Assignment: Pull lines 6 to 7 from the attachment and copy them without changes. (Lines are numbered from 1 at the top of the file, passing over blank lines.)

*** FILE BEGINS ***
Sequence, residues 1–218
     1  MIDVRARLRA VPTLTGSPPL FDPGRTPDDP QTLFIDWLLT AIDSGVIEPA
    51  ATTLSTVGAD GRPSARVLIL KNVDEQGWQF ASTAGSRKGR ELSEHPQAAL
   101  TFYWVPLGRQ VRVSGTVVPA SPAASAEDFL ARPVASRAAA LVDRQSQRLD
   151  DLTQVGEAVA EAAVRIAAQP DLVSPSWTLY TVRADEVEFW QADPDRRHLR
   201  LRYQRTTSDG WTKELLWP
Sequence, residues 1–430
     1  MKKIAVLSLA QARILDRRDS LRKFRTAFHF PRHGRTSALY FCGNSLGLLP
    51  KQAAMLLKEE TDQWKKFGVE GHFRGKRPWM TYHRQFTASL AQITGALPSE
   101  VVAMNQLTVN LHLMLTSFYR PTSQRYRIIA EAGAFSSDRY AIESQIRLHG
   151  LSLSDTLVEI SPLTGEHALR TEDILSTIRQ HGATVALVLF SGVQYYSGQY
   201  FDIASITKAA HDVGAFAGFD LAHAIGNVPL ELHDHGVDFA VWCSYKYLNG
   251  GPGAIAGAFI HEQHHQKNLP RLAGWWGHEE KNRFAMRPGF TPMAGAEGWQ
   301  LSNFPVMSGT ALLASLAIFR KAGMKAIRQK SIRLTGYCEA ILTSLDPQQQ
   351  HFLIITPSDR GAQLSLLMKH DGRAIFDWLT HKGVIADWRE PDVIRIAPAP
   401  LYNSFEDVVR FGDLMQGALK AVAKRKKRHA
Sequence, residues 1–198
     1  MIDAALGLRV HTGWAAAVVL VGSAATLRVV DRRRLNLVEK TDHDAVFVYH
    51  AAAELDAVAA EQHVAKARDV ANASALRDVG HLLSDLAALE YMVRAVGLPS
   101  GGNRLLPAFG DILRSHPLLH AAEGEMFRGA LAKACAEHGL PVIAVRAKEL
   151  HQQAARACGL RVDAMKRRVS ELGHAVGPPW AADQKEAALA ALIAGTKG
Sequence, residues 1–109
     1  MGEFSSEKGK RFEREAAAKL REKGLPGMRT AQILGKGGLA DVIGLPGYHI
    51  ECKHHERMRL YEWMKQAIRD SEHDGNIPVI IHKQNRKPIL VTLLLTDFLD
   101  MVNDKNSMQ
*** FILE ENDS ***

   201  LRYQRTTSDG WTKELLWP
Sequence, residues 1–430